Captain America: Civil War Non-Spoiler Review

I saw Civil War a couple of days ago and I’m glad it’s taken that long for me to write this piece. It’s the single most complex, thematically and ideologically chewy movie Marvel have produced to date and there’s a huge amount to discuss. It’s simultaneously a capstone to the Captain America trilogy, Avengers 2.5, and a very clear progression down the road to the Infinity War films.

It’s also really, extraordinarily good.

The problem is that in order to explain why it’s so good, the temptation to spoil huge chunks of it is almost overwhelming. I promise that, with one tiny exception, there will be no spoilers in this article. That single exception is a topic of conversation that comes up at one point in the film. In context it’s a throwaway gag. In reality, I think it’s the key to why the film is so good.

The Empire Strikes Back: The film comes up in conversation at one point during Civil War but I’d argue it’s the closest thing the movie has to a blueprint. The characters, plot, and overall arc all have that same beaten-down, on the ropes feeling that Empire remains the cinematic definition of. Crucially, Civil War also maintains that earlier film’s core humanity and focus on character even in the middle of the largest action sequence the MCU has produced to date.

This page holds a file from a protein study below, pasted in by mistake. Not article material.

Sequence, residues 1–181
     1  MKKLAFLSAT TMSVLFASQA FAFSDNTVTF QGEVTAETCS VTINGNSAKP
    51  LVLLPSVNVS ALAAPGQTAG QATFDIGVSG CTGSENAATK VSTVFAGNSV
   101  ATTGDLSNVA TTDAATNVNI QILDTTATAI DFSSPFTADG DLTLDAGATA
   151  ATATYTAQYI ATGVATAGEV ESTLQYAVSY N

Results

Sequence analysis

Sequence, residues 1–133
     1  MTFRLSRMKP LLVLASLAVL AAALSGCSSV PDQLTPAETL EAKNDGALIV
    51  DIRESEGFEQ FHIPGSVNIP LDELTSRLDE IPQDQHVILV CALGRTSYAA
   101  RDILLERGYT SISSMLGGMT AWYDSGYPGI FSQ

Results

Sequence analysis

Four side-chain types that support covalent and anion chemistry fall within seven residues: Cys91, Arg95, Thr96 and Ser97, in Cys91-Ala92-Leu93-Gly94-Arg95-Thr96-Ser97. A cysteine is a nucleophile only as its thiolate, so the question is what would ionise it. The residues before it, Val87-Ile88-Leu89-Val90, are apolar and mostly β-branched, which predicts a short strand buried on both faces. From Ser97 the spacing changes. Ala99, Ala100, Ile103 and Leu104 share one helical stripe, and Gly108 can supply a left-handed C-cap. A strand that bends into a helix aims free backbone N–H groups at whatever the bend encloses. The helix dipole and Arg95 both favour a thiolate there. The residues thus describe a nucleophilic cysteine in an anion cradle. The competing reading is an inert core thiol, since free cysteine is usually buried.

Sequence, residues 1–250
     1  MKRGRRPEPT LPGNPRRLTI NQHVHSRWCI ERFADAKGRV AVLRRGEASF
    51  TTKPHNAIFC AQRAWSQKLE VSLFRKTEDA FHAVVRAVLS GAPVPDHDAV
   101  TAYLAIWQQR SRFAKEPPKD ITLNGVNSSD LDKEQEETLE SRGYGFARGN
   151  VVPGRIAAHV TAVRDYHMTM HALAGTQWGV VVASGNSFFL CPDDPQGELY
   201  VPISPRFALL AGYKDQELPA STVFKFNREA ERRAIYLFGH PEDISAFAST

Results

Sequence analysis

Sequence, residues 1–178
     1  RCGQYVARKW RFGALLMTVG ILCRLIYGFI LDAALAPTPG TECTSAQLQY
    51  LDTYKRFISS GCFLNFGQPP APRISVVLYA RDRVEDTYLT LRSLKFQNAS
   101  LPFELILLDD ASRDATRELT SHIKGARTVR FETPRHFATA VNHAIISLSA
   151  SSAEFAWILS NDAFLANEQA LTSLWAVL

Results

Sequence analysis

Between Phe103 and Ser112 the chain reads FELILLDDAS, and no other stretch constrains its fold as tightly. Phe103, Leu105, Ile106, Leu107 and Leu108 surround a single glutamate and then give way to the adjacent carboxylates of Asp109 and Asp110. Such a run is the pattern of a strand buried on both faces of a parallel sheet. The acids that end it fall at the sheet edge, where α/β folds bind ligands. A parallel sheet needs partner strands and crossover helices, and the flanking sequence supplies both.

Let’s start with the characters. Thematically, the movie is the same as the early ‘00s comic crossover it shares a title with. This is a story about an ideological clash between Captain America and Iron Man. However, where the comic ultimately leaned on heavy-handed imagery and mean-spirited violence, the movie never loses sight of just how personal this situation is for everyone involved.

Brilliantly, it does so by refusing to make either man the outright hero or villain. Steve is painfully aware throughout the film of the price of his actions. His refusal to let Bucky go is the perfect endgame for a series which has always been about Steve making the hard, right choice instead of simply the right one. In fact, the film folds Steve’s very personal quest into his objection to the Sokovia Accords. He believes with every fibre of his being that Bucky can be saved, on his terms. His refusal to hand that off to any form of oversight, especially in the wake of the fall of SHIELD, is both tremendously arrogant and absolutely understandable.